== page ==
With help from Derek Robertson
EL ZONTE, EL SALVADOR—Even before President Nayyib Bukele made Bitcoin legal tender last year, this surfing town had earned the nickname of “Bitcoin Beach” for its embrace of the cryptocurrency.
In a country pushing the global envelope by putting its treasury on the blockchain, this may be the place most committed to a crypto-centric future. Last week, “60 Minutes” broadcast a segment about an experiment, funded by an anonymous donor, that gives Bitcoin to families here and encourages them to re-spend it within the town.
Among locals, opinion of Bitcoin remains split, according to a handful of beachside conversations and the observations of Bitcoin enthusiasts. But another group here is all in: young, affluent foreigners.
El Zonte offers a look at what “embracing Bitcoin” could mean in practical terms for other governments that go down this route.
Its experience is different from Puerto Rico’s, which — as a U.S. territory — has become a haven for rich crypto investors who want to maintain U.S. residency while enjoying lower taxes and lots of sun.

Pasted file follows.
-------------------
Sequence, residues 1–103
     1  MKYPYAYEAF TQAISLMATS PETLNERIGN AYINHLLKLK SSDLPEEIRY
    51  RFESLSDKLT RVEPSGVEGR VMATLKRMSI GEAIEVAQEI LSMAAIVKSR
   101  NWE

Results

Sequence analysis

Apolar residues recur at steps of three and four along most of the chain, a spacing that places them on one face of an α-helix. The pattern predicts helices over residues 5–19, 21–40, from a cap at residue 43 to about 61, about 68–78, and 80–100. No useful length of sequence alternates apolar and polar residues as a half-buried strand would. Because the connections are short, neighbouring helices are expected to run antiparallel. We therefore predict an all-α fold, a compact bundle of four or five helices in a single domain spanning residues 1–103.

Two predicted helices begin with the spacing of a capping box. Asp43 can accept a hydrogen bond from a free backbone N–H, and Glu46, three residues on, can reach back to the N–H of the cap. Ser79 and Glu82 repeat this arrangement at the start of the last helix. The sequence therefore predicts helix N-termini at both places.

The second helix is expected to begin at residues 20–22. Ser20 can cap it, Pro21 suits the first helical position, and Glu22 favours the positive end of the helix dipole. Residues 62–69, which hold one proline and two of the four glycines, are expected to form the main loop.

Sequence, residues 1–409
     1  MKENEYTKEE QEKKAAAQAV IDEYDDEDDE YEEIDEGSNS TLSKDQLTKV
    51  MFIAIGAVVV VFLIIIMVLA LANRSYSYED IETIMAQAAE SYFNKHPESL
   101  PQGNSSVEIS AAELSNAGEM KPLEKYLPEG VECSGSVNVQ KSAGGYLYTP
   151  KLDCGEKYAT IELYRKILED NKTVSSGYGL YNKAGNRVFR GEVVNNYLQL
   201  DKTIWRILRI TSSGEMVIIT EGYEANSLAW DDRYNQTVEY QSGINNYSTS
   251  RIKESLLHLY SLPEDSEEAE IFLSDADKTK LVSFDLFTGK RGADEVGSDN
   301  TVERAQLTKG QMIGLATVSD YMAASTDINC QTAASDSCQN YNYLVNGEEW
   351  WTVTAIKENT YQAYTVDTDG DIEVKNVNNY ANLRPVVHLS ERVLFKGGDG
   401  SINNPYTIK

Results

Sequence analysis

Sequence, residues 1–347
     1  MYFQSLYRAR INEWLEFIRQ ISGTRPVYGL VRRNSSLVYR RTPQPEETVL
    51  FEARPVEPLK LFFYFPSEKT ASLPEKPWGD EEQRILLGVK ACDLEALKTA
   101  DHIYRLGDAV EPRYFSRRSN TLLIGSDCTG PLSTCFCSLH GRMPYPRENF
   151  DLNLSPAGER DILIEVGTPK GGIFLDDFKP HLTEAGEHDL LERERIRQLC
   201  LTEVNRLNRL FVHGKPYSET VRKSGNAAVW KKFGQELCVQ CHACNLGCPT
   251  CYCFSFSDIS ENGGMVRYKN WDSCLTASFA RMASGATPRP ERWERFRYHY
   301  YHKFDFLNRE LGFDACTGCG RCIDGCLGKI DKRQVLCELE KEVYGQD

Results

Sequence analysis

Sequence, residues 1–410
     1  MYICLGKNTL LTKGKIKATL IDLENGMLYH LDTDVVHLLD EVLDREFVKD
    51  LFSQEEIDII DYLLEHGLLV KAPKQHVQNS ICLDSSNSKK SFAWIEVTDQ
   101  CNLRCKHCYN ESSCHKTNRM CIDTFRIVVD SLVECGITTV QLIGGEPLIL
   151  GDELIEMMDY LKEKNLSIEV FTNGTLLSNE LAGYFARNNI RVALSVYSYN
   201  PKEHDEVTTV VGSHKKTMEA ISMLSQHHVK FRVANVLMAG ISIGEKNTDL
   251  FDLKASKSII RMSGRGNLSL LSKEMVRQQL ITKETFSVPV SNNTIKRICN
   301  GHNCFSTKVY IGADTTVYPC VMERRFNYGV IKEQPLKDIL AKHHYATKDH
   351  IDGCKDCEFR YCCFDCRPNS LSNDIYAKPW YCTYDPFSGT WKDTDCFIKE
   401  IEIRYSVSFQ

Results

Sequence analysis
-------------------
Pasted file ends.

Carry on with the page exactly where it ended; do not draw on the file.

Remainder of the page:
El Zonte has become a stopping point for a globetrotting crowd that skews young, libertarian and male. They’ve found a pleasant beach town insulated both from the violence and instability that plague the rest of El Salvador, and from Western societies they view as increasingly “unfree.”
They are building a beachhead here, buying up property and convening formal meetups. Informally, many have taken to gathering each day at sunset at Olas Permanentes, a beachside restaurant.
It was there on Friday evening that I met Alex, who declined to provide his last name, and “Sam,” who declined to put even his first name on the record, citing privacy concerns. They took me to a nearby hostel and let me in on the view of the world from Bitcoin Beach.
Sam, in his early 30s, is French and Italian. He works as a consultant to decentralized finance projects that run on the blockchain. He moved here three weeks ago after getting fed up with the restrictions in Europe on people, like him, who refuse to get a Covid vaccine.
Alex is in his late twenties with long hair he sometimes wears in a bun. He left Sweden because he found the culture “oppressive.” He described onerous restrictions on dancing in bars there as emblematic of a country that lacked vitality.
Alex began buying Bitcoin a decade ago because he didn’t want banks to have his money. He is scouting El Zonte for land where he can buy a coworking space that will host people working to advance “the movement” to make Bitcoin a global currency.
Cryptocurrency has found something of a symbiosis with the preexisting surf scene in El Zonte. “The Bitcoiners learn to surf, and the surfers get orange-pilled by the Bitcoiners,” said Sam, using a slang term for being converted to a pro-Bitcoin worldview.
Both groups, he mused, like to take risks and are drawn to the margins.